* Obama: insurers use 'massive war chest' to fight reform
* President backs review of insurers' anti-trust exemption
* Healthcare reform closer than ever, Obama says
(Adds Obama quote, insurance industry comment)
By Patricia Zengerle
WASHINGTON, Oct 17 U.S. President Barack Obama
lashed out on Saturday against the "deceptive and dishonest"
efforts of health insurance companies, who he said are trying
to kill healthcare reform, no matter the cost to the country.
Sharpening his attack on insurers, Obama also signaled
support for a congressional review of the insurance industry's
long-standing exemption from federal anti-trust laws. Some
Democrats want the privilege repealed.
The Democratic president's push to revamp the $2.5 trillion
U.S. healthcare industry, his top domestic policy priority,
received a big boost this week when the Senate Finance
Committee approved its version of a reform measure with the
support of Republican Senator Olympia Snowe.
Many experts expect some version of a healthcare bill will
pass this year, but there are still major disagreements on
details, including whether the measure will include a
government-run insurance program, the "public option."
"For the first time ever, all five committees in Congress
responsible for health reform have passed a version of
legislation," Obama said in his weekly radio address. "As I
speak to you today, we are closer to reforming the health care
system than we have ever been in history."
However, he acknowledged the overhaul still must clear
significant hurdles before becoming law. "And there are still
those who would try to kill reform at any cost," he said.
For decades, whenever we have tried to reform the system,
the insurance companies have done everything in their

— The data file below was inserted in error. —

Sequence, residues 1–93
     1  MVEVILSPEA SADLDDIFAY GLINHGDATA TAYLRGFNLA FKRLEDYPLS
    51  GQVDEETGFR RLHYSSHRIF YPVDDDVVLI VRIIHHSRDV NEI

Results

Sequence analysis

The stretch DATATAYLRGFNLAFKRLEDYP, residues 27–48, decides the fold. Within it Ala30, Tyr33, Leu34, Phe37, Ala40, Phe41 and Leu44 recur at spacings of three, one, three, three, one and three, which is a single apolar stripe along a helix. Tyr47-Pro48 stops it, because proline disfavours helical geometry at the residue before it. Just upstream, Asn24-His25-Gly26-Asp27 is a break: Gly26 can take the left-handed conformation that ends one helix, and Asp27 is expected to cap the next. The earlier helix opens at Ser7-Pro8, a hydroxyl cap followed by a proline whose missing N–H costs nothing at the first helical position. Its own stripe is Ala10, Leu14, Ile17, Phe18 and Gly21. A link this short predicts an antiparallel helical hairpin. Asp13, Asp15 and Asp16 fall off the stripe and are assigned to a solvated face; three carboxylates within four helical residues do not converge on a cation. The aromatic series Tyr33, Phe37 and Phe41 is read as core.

considerable power to stop us," Obama said.
"And they're earning these profits and bonuses while
enjoying a privileged exception from our anti-trust laws, a
matter that Congress is rightfully reviewing," he said.
BATTLE INTENSIFIED THIS WEEK
The battle over reform between angry Democrats and health
insurers intensified when the industry trade group America's
Health Insurance Plans (AHIP) issued a report on Monday, on the
eve of the finance committee's vote, saying Senate healthcare
legislation would lead to increases in annual insurance
premiums of as much as $4,000 by 2019.
Democrats denied the findings, citing a report by the
nonpartisan Congressional Budget Office that said the Finance
Committee bill would make health coverage affordable to
millions of Americans who do not have it and slow the growth of
Defending insurers' position, AHIP spokesman Robert
Zirkelbach said, "We are not trying to stop reform as some have
suggested. We want reform that will work and can be sustained,
and we are offering solutions to address the concerns."
He said threats to repeal the industry's anti-trust
exemption -- the McCarran-Ferguson Act, which kept regulation
in the states' hands -- was "retaliation for us speaking out."
Obama maintained, however, that the insurance industry "is
rolling out the big guns and breaking open their massive war
chest -- to marshal their forces for one last fight to save the
"They're filling the airwaves with deceptive and dishonest
ads. They're flooding Capitol Hill with lobbyists and campaign
contributions. And they're funding studies designed to mislead
the American people," he said.
Democratic leaders in Congress began work this week on
merging the various committees' proposals on healthcare while
keeping party liberals and moderates -- and Snowe -- happy.
Senate Republicans demanded Democrats allow more time to
debate the details of the sweeping plan. Obama has set the end
of the year as his goal for passing a measure that would begin
to slow increases in healthcare costs, regulate the insurance
market and expand health coverage without increasing the
federal budget deficit.
Health insurers' shares dropped this week after news of the
finance committee's vote.
Obama vowed an overhaul will go through.
"Every time we get close to passing reform, the insurance
companies produce these phony studies as a prescription and
say, 'Take one of these, and call us in a decade.' Well, not
this time," Obama said.
(Editing by Todd Eastham)